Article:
I've been on Spring Break the last few days (yeah, yeah, I know, teachers have it soooooo easy), and I managed to carve out a little time to complete some art projects. That said, I'm back to work tomorrow, so this may be my last post for awhile. Below are some pics from "Intertwined," yet another nicho in my seemingly endless series. (Actually, after this one, I only have ONE yet to complete--then the nichos are finished...for now.) By the way, the approximate dimensions of this piece are 6" X 8".
This little assemblage--again, I used an Altoid tin as the "nicho"--was created using found objects, two vintage photos, and a picture from National Geographic (the greenish background in the photo below) that was treated with Citrasolv to give it that wavy appearance.
I thought about naming this piece "Mama's Eyes" for obvious reasons--and I may still do so.
The shot below shows the old cheese grater I used to frame the piece, as well as the texture I achieved around the edges and top of the base.
When asked to encapsulate education, a good friend of mine--a high school science teacher for nearly thirty years--once came up with the following four-word definition (frankly, I think it's an equally good mantra for LIFE): Ask questions; seek answers. His wise words were the inspiration for my most-recent mint-tin nicho, entitled "Seek."
As in my last nicho, I used a piece of "jailhouse tin" that I purchased at my local junk shop. Turns out, the patina on this old piece of metal works well with the purple/blue paint effects I used on the surrounding framework.
In the detail shot below the found-object elements are more evident: paper from a thesaurus (background), a porcelain doll head, an old typewriter key, coiled wire, and a ceramic question mark (it has a pair of sharp pins sticking out of its back) that was probably used on those felt-covered sign boards that used to grace stores and restaurants.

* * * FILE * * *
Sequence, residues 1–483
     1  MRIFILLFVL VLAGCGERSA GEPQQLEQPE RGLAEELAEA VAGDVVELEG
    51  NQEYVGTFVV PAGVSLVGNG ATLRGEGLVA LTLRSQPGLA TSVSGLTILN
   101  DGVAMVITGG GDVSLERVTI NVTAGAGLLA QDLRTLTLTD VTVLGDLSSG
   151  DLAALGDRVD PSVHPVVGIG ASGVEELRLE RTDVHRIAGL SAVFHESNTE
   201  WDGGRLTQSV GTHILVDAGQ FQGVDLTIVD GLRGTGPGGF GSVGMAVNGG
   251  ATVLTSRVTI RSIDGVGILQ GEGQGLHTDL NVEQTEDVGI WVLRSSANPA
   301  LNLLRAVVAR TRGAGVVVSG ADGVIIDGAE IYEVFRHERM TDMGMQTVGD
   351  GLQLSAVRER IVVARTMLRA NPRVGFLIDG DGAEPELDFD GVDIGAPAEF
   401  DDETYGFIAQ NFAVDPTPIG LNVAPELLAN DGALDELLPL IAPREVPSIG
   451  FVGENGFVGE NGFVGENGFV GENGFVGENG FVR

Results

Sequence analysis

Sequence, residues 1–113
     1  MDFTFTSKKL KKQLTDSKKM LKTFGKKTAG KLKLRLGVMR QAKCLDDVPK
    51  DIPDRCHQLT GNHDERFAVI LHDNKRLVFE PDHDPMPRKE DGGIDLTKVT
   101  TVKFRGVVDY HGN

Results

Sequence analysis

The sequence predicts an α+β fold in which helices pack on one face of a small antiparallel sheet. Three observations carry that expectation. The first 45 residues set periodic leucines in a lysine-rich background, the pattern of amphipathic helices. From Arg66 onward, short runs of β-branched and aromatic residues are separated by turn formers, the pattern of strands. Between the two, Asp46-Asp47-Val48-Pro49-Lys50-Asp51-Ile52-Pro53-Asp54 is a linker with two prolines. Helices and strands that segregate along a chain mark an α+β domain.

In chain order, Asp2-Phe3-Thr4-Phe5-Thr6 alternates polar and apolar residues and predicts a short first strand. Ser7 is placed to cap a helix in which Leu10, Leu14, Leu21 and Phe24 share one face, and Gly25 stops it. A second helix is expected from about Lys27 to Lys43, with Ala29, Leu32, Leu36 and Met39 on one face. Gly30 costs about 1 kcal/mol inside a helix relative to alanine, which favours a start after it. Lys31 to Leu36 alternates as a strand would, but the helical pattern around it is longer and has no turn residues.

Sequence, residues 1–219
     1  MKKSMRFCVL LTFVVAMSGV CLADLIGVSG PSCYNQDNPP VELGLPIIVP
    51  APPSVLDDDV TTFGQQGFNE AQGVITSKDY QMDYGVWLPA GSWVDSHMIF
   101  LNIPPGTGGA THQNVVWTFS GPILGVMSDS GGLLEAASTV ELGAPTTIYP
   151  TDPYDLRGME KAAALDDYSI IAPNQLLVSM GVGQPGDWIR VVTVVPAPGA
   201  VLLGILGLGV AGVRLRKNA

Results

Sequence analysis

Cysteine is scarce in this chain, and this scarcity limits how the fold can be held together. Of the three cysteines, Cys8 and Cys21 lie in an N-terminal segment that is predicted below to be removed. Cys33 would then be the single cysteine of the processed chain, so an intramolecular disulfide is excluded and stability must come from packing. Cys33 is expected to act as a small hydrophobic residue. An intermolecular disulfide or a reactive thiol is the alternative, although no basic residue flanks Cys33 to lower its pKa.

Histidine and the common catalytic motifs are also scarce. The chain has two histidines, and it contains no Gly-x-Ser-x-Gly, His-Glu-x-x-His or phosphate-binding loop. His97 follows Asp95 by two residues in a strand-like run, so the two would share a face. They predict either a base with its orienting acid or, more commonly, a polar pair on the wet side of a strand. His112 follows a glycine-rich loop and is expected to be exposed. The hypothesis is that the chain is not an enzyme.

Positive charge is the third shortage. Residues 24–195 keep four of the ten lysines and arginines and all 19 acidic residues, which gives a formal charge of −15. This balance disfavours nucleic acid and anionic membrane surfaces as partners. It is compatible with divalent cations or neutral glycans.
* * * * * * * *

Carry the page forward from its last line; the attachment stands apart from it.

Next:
I wanted to include a close-up shot (below) of the texture I created using plaster pushed through a stencil. The painting effects were created with acrylic paint, acrylic ink, and a dry-brushing technique.
Hmm, I guess I've been rather busy because it's been about three weeks since I've posted anything--which means it's been about that long since I've had time to work on any art. A few projects have been sitting unfinished in my "studio" for weeks--grr. Below are some shots from one I just put the finishing touches on last night; at this point I'm calling it "Davy Jones' Locker." I like the whimsy of the sea creature/sea captain; however, now that I've had time to sit back and study it, I'm rather disappointed in my monochromatic color choices. Oh well--lesson learned. As you'll see from the first pic, I used a piece of the jailhouse tin, that I described in a previous post, to frame the nicho.
Below is a close-up shot of the nicho. Davy's head is an old wrist-watch face; I found an eye image, colorized it using colored pencils, and embedded it in resin. His right, tentacled arm was taken from a reproduction of a vintage natural history illustration. His left arm is the real McCoy, so to speak; last summer while on a walk at our local lake, I found it--the owner of the claw had probably fallen victim to a raccoon. (See, sometimes it pays to not pay attention to where you're walking; sure, I often nearly run into other walkers, but I also sometimes score some cool finds!)
Turns out my painting technique (see side of piece below) was serendipitous: I think it kind of conveys a "tentacle" motif, which pairs well with the nicho's subject matter.
The (sometimes mad) ramblings of a mixed media artist.